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The secret to motivation? Google it.
In the winter of 1999, a portly man de-motivated me from many intended evening runs. No, not the bearded one in a red suit. …
Illustration by Jeremy Collins
In the winter of 1999, a portly man de-motivated me from many intended evening runs. No, not the bearded one in a red suit. This character went by the name of George Costanza. I’d slump into the couch after work, click on the boob tube, and watch him, Jerry, Kramer and Elaine go about their angst-ridden shenanigans.
The local Fox affiliate had the audacity to show “Seinfeld” reruns back-to-back-to-back on weeknights. Beginning at 5:30 in the evening, my couch took on the gravitational pull of Jupiter. “Get Uranus over here, boy,” it would beckon. “You’ll only go running when me, Newman and the Soup Nazi say so.”
By the end of that winter, I resembled Costanza, too. And I had an ambitious race calendar on my plate. Something had to give.
It was spring when I discovered the Internet. I had thought it would be a passing fad, like Tae Bo or the Taco Bell Chihuahua. But I finally caught up to the times, thanks in large part to my employer or, more specifically, my employer’s Internet connection.
It began innocently enough, as I checked race results from the past several years. Then I found first-person race recaps. Soon I was a burgeoning student of races coast-to-coast. It was always easier to read hard copies, so I’d hit the “Print” button, hustle over to the network printer, and hope that my documents weren’t hidden within my superiors’ annual reports or client memos.
Although this hide-and-seek charade likely hurt my own annual performance reviews, I found motivation in those online recaps, and it sparked my training when I needed it most. The pounds came off quickly and I felt like I was once again the master of my domain.
Since then, the Web has evolved, “Seinfeld” has gone the way of “I Love Lucy,” and my running, not coincidentally, has progressed. My Costanza-esque spare tire has stayed away, and I credit the constant stream of motivational sparks by way of my Internet browser.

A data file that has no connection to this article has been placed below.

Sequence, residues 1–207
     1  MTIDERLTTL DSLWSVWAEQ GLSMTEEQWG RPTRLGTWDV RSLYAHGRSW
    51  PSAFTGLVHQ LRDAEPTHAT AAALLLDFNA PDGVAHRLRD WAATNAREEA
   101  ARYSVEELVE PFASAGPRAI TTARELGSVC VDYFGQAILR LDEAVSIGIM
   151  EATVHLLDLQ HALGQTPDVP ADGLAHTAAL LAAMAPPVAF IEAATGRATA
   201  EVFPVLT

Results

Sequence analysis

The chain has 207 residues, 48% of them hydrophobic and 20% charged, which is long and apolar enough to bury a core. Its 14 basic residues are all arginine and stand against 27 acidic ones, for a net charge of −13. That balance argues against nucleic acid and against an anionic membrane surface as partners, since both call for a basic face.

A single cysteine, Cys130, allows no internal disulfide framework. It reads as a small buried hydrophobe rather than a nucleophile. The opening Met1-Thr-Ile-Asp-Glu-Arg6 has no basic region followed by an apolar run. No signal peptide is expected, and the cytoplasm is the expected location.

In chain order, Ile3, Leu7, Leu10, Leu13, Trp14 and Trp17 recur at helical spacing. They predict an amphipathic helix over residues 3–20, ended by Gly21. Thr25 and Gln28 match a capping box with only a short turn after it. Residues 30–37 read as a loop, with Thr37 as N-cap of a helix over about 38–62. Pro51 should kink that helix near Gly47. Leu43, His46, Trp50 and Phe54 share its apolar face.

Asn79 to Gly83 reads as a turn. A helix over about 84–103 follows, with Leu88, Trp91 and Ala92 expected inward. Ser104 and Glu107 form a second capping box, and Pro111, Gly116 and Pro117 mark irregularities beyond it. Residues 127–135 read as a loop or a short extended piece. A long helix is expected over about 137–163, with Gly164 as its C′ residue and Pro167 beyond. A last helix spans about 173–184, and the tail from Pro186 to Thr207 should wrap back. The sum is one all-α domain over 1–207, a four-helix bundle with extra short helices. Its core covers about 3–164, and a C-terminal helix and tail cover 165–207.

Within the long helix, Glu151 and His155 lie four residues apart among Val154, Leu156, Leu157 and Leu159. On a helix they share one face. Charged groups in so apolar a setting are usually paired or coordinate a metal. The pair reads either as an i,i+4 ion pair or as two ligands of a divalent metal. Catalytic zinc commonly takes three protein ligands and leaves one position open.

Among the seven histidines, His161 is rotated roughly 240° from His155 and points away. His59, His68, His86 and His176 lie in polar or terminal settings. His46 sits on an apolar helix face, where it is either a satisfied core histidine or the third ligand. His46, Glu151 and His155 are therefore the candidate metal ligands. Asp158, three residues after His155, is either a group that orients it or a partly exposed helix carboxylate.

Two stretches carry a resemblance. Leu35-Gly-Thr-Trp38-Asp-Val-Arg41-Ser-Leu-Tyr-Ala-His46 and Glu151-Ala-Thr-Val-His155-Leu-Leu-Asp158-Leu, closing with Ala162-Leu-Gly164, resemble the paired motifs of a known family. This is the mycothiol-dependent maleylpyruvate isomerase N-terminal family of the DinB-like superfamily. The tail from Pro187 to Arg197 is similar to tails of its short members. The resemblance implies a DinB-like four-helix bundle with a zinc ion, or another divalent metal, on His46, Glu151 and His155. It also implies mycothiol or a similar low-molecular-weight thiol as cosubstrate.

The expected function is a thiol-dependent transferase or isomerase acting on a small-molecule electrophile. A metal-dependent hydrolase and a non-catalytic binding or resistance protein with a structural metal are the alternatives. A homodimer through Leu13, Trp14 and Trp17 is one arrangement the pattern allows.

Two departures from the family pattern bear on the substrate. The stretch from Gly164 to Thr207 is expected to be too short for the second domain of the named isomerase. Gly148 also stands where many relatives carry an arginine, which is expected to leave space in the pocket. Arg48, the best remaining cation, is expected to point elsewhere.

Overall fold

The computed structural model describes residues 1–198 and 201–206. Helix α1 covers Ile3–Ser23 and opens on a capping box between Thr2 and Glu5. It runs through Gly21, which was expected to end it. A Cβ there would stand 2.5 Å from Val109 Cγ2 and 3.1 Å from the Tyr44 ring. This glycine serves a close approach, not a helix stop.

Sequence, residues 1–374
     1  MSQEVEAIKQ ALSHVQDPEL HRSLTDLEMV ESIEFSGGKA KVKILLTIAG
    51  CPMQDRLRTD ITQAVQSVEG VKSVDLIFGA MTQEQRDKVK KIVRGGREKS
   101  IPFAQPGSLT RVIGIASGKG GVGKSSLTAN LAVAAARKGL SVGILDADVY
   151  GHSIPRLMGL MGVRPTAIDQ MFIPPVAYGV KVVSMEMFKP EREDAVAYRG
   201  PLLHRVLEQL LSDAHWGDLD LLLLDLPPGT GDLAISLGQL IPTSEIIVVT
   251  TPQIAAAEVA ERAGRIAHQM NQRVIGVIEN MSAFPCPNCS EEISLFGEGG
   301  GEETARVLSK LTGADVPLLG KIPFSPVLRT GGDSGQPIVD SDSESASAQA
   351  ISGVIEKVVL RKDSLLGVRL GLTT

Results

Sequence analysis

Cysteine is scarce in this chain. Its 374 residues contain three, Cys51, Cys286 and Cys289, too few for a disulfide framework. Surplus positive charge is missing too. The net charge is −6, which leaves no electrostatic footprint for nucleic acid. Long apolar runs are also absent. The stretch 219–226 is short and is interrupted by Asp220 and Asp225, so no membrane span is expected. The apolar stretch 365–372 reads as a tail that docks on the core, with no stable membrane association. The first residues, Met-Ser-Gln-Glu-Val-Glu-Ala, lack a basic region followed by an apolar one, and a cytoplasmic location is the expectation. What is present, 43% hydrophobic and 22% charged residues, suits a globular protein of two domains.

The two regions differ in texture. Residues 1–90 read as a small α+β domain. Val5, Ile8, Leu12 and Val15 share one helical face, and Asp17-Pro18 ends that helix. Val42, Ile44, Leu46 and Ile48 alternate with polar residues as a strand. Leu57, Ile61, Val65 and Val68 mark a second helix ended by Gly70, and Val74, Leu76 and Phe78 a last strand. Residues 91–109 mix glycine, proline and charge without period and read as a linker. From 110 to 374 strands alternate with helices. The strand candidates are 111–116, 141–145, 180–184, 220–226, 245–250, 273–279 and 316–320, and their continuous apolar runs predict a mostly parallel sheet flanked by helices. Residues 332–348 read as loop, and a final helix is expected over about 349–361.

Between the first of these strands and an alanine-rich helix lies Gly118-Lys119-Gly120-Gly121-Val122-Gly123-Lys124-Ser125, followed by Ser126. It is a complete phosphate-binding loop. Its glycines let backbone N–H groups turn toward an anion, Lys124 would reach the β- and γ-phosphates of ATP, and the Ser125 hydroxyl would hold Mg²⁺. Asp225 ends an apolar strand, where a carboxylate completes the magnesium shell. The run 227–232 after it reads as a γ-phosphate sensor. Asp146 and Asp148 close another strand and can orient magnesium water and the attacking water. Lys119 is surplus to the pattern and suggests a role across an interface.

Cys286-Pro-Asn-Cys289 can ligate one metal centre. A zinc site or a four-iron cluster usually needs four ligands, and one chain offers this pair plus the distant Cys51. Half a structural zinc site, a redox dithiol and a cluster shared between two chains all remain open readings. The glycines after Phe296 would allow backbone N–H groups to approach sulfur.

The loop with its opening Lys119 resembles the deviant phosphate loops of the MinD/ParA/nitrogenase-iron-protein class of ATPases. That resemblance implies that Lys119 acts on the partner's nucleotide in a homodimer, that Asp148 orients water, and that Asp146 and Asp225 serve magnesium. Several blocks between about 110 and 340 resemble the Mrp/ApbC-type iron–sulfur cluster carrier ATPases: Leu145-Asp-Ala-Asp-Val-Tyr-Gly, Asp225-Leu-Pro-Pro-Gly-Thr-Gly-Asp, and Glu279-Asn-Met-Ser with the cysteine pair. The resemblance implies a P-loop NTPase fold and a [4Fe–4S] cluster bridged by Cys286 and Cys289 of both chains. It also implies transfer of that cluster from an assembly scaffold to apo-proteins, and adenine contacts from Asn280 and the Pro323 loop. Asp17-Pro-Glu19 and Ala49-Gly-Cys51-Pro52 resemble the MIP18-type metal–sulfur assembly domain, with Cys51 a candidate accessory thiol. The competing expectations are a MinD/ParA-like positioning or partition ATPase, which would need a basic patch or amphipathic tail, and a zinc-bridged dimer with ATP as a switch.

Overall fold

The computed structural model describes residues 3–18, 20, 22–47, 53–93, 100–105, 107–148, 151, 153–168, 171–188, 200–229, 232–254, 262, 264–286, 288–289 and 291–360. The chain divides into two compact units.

On YouTube, a quick search for “trail running” yields footage from training runs, gear reviews and tips from some of the sport’s pros. If I’m headed out for a long training run, the key words “ultra running” are guaranteed to fire me up. The best video I’ve found is a montage of running highlights set to Cold Play’s “Viva La Vida” (www.coachingendurance.com).
Blogs are loaded with more first-person race accounts, photos, race reports, and videos than are possible to read. And I should know. I dive into recaps of epic runs across the Grand Canyon, around Mount Rainier, or on the Colorado Trail. When the leading ultrarunner Anton Krupicka notes his 200-mile weeks, my measly 60-mile-per-week goals suddenly become very realistic. The same rule applies when he writes things like, “3700 feet of ascent in five miles has become routine for me.” My local 2,000-foot climb shrinks to an anthill. Karl Meltzer’s blog (www.karlmeltzer.com) regularly lists odds for the big races, stoking Race Day excitement like a Vegas sports bookie or espn.com. Who knew that it was possible to get motivated by runners living thousands of miles away?
Most race and corporate websites have caught up with the times, too. Many races host live webcasts or offer Twitter updates. Companies host video libraries (check out The North Face), hype up their events and foster online communities where cyber-surfers like myself can discuss everything from footwear to nipple chafing.
I often joke with my trail-running pals that all of this online motivation can be a distraction during the work day, when thoughts wander too easily to the next weekend’s race or high-country training run. One friend, an attorney, was even warned by her employer to cut back on “non-client-related Web use.”
Other friends, whom I’ll leave nameless, admit to Googling themselves every now and then. I guess they’re trying to find motivation from their past race performances and results. I personally try to avoid that motivational tactic, though. Maybe it’s an old wives’ tale, but I’ve heard you can go blind if you Google yourself too much.
That actually sounds like a good plotline for a Seinfeld episode.
If his current employer reads this story, Garett Graubins only checks race reports, blogs or trail-running sites if they happen to be work-related. Honest.